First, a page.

“The owners of these properties view the homes as real estate investment trusts. They shove old people in there and then receive incoming funding, as well, from the government, from you and me,” Dr. Spindel says. “Many of these homes don’t even have air conditioning or clean facilities. They ask the government for more money to do the renovations, such as installing air conditioning, and Doug Ford falls for it. They have continued to get even more funding from the provincial and federal governments during COVID-19, at a time when these same corporations are paying major dividends to their shareholders.”
However, when talking about for-profit versus not-for-profit, Singer says it is important to understand that the not-for-profit sequitur doesn’t necessarily mean that no profit is being made.
“Not-for-profit just means that it is not a corporation that pays dividends to shareholders, but there is still an element of profit under these terms of management,” Singer says. “Some of these not-for-profit homes contract out to these for-profit companies, and they say, ‘We will pay you a certain amount of money to run this home.’ So, obviously, everything that these for-profit homes can do to keep their costs down is more money in their pocket. But it doesn’t really matter in the end. Whoever is operating these facilities is trying to do so for as little money as possible, which means cutting corners on stockpiles of PPE, emergency planning and reconstruction of older facilities. Poor ventilation, and three and four residents to a room are also problems when you refuse to have isolation rooms during COVID-19 outbreaks.”
“It’s hard to say exactly what things need to change when it’s the whole foundation that has crumbled” — Giovanna Costa Fazari
Dr. Samir Sinha, director of geriatrics at Sinai Health and the University Health Network in Toronto, points out that trying to disperse for-profit in favour of not-for-profit is not that cut and dried.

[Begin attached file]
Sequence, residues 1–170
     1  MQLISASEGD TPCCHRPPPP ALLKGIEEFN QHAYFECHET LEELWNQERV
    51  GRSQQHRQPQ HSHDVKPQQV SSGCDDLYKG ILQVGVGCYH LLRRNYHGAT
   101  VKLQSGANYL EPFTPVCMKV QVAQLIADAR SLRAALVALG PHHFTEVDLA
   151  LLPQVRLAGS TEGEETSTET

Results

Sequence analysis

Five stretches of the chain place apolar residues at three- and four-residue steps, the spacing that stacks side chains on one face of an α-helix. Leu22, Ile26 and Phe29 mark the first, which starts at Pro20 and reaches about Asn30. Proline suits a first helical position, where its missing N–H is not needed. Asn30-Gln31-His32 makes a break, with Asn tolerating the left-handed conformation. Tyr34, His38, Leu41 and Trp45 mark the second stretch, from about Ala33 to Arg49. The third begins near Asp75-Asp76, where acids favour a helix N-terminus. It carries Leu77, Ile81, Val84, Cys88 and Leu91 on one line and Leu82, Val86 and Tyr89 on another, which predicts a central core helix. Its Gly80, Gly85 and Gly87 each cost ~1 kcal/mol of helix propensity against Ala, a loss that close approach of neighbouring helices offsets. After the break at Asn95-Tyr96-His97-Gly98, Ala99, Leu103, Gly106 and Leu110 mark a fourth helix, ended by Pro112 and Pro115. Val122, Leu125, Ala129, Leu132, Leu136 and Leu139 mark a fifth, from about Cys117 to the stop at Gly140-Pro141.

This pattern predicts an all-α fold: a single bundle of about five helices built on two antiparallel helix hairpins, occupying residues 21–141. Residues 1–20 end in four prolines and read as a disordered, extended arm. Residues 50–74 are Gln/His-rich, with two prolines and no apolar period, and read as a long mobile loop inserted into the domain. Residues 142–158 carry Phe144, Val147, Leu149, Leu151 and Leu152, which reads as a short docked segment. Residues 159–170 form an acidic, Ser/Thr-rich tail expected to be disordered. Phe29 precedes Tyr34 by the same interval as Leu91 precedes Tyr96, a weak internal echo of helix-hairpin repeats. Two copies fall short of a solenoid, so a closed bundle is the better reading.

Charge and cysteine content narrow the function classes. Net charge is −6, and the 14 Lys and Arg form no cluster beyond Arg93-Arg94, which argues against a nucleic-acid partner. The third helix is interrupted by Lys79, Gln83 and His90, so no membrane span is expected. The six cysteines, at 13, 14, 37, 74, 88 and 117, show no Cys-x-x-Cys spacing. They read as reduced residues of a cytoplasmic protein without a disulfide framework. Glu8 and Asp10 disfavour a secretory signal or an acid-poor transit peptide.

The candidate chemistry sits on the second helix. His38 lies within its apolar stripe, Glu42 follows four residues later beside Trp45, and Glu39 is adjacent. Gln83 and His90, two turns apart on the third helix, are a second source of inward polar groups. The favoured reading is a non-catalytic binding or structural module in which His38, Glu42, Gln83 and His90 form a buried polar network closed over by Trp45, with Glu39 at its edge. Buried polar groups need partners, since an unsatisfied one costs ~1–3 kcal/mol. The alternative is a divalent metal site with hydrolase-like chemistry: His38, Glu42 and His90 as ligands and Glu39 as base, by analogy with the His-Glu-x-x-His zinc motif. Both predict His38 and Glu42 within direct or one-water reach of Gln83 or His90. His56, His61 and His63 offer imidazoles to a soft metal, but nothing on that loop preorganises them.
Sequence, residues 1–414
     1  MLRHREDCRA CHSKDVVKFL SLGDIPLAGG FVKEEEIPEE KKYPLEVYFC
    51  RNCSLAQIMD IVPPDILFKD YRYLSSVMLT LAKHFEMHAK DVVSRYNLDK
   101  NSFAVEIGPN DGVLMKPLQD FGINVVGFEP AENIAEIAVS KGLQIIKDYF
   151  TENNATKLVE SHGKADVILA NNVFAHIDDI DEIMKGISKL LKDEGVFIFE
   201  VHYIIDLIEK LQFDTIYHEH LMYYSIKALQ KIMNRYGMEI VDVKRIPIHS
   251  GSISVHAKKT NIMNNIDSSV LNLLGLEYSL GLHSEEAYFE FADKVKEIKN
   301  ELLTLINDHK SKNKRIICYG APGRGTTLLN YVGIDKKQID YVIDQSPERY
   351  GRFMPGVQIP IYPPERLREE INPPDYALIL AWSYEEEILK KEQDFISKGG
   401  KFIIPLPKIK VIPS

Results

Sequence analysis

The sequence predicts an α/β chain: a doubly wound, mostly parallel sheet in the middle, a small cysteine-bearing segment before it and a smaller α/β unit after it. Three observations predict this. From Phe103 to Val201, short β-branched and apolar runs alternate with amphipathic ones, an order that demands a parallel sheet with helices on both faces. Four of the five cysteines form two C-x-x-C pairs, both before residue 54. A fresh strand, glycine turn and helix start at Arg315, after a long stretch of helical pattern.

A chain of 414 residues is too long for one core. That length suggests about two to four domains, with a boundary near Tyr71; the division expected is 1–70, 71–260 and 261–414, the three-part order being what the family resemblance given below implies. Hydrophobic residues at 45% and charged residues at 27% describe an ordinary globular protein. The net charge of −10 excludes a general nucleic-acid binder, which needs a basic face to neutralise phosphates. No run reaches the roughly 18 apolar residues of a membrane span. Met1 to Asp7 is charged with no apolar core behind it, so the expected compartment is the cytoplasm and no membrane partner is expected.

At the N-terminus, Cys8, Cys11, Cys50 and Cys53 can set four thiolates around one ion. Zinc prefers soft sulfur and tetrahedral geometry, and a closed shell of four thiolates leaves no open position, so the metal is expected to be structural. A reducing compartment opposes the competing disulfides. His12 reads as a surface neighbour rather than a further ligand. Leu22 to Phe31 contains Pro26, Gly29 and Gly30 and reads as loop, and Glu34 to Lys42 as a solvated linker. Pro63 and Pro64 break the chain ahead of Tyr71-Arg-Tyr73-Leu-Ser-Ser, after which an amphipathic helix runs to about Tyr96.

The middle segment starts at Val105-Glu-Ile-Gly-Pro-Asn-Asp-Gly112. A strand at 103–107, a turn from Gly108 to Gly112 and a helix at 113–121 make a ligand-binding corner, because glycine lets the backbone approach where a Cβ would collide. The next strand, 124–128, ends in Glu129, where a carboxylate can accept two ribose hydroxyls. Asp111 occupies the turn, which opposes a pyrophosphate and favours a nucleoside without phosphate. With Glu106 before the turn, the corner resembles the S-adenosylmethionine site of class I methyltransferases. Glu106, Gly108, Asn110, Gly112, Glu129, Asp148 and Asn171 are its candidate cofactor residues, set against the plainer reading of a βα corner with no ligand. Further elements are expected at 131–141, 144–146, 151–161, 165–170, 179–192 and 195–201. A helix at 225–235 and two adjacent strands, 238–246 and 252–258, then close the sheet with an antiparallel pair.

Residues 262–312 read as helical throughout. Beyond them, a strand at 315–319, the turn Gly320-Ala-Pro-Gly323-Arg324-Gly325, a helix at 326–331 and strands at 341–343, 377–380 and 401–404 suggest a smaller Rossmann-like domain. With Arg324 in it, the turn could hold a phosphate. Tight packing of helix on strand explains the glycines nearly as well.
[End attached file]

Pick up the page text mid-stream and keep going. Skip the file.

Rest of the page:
“One of the things that my colleague at Sinai Health, Dr. Nathan Stall, and I point out is, it’s very easy to say for-profit is evil, and not-for-profit is good. When you do head-to-head comparison of for-profit provision of care in long-term-care settings versus a not-for-profit or municipal or publicly provided care, you tend to see better quality outcomes, including lower rates of death; that’s 100 per cent clear. But what I think you see in Ontario is, the story gets greatly exaggerated because the majority of the homes in Ontario are owned or managed by for-profit providers. These are older, outdated homes, and what Dr. Stall’s research shows is what significantly increases a resident’s risk of dying from COVID-19 tends to be homes that have rooms with four beds.”
Dr. Sinha, who in 2014 was named as Canada’s most compelling voice for the elderly, has been reduced to tears from what he sees is deep societal ageism. “I care for the population that represents 96 per cent of Canada’s deaths; it’s been absolutely frustrating,” he says. “When Canadians 65 or older represent 96 per cent of our deaths, and when over two-thirds of our deaths have occurred in long-term-care and retirement-home settings, it is demoralizing, especially when definitive actions could have been taken at so many points during this pandemic to protect this cohort. If COVID-19 was a disease where 96 per cent of its victims were under the age of 15, how different would our society have reacted? I think we would have reacted very differently, and I find that deeply disturbing because, as Canadians, the vast majority of us are going to make it into that 60-plus age group. We’re pretty much guaranteed that, unless something takes us before the age of 60. Our average life expectancy is forecast to be, on average, 82 years of age, and so, many of us are going to become older Canadians. I wonder how people feel right now about getting older, especially, when, as a society, we realize that we have all been complicit in what’s turned out, frankly, to be a senicide.”
Both Dr. Spindel and Dr. Sinha acknowledge the realities around the troubling testimony of Dr. Stall to the Long-Term Care COVID-19 Commission around residents being given unneeded drugs in long-term care homes.